Connecting the dots of America’s well-being

February 5, 2010

by Pat Ryan

“Certain” was certainly an unambiguous answer to a question, about the likelihood the United States would be attacked in the next six months, put to Director of National Intelligence Dennis Blair in testimony before the U.S. Senate this week. “Al Qaeda,” he said of the group that killed over 3000 Americans on 9/11, “maintains its intent to attack the homeland – preferably with a large-scale operation that would cause mass casualties, harm the U.S. economy, or both.”

Message delivered? Well maybe not. To be sure, it was carried in newspaper stories and on cable news broadcasts but like most weighty issues of our day it was drowned out by what I call “Stupid Noise in the News.” Full disclosure here, my wife, my ultimate editor, says I shouldn’t call it “stupid news” because it might offend people who have emotional connections to stories about Taylor Swift’s Grammy performance, Sarah Palin being offended by Rahm Emanuel’s vocabulary, negotiations about the surrender of Michael Jackson’s doctor, or what is “in” or “out” of bounds for Superbowl commercials.

So I guess the best we can say is that the message about an impending “large-scale attack” was sent, not necessarily received. There were other messages in the testimony by Blair alongside CIA Director Leon Panetta and FBI Director Robert Mueller, the annual catalog of threats to Americans and American interests. Among the more significant are: the continuing potential for global economic collapse; the Iranian and North Korean nuclear programs; international criminal cartels; and the emerging cyber threat to America’s computers and infrastructure.

There you have it. Terrorists who have a track record of killing Americans will try to kill you and, or cripple your already debilitated economy between now and July. Of that you can be certain. That’s the judgment of those who have connected the dots – a phrase that came of age after the 9/11 attacks. Lessons learned inquiries concluded that all the facts were on the table but policymakers failed to make sense of them. One could argue there were too many dots on the table to judge the credibility of the threat, much less the target or timing. But that’s a discussion for another column.

As of Tuesday, however, you have been warned. Did you get it? While the venue or the timing is not known, at least by the public, you can be sure that you’re in the crosshairs. What you don’t know is the consequences of our fellow Americans’ failure to figure out how to connect the dots. How do you discern what is important to you, your family and your future, from what is not. As a citizen with as much responsibility for our country’s course as any other citizen have you connected the dots?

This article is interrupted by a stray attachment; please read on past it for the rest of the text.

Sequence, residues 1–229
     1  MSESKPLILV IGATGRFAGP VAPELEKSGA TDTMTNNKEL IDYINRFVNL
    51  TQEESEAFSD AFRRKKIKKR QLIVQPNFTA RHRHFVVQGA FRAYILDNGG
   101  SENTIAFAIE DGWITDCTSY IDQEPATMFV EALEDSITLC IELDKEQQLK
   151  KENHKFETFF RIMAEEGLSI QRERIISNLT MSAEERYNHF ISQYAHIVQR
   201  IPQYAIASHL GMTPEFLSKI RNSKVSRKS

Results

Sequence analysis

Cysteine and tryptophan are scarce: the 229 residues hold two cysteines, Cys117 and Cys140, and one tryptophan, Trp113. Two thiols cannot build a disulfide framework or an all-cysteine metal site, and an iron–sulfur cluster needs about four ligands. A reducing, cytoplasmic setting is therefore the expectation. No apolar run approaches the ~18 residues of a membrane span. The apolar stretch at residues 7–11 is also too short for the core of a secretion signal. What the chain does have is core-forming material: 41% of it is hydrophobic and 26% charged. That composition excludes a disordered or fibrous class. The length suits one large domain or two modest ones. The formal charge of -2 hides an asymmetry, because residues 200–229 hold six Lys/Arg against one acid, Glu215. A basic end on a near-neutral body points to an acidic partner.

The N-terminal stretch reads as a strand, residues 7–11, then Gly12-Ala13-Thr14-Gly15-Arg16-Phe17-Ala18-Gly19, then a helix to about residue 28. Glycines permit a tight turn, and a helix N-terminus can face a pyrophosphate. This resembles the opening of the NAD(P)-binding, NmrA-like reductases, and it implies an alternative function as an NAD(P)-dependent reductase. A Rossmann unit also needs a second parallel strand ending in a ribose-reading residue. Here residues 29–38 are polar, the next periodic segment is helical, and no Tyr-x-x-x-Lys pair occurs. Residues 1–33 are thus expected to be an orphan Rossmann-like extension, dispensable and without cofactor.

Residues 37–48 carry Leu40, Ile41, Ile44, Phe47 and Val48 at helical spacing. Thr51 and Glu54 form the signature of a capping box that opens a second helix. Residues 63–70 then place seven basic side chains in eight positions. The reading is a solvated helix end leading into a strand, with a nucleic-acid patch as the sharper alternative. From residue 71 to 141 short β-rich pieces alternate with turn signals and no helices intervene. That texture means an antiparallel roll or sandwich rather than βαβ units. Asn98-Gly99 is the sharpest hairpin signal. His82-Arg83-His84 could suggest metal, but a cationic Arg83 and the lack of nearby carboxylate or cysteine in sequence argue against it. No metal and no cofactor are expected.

It would be humorous, if it were not so dangerous, to ponder what passes for important issues of the day to most of American society. While a national security tornado approaches the county line our political parties are arguing over what color to paint the living room. It may be more important than ever for our country – for our own individual interests – to present a unified voice and image to a very troubled world, but we’re stuck squabbling among ourselves. Clearly there are important domestic questions that cannot be left unattended. But even these issues are not approached in a reasonable way. “Stupid Noise in the News” drowns out most of them and when they are discussed they fall victim to disingenuous political posturing, personal attacks on opponents and exaggerated claims that mask honest debate.

A change in the tone of national debates and a reversal of apparent indifference or ignorance of looming threats to our future – security, economic, or otherwise – will not solve all, perhaps not any, of the problems America faces. But the first step is awareness.

I was recently invited to speak to a dozen or so churchwomen who had formed a discussion group on world affairs. After reviewing the challenges to U.S. foreign policy and how many of them were not being adequately addressed I was asked what could any of us do to get someone to do something to fix the problems. The answer I had was to congratulate them that they had taken the first step – to make themselves aware that there was a problem. If we don’t hear the siren signaling the tornado at the county line because we’re too busy shouting at each other then it won’t matter who wins the fight over painting the house. Of that you can be certain.

Pat Ryan is a retired sailor and writer. He lives in Cookeville, Tennessee.

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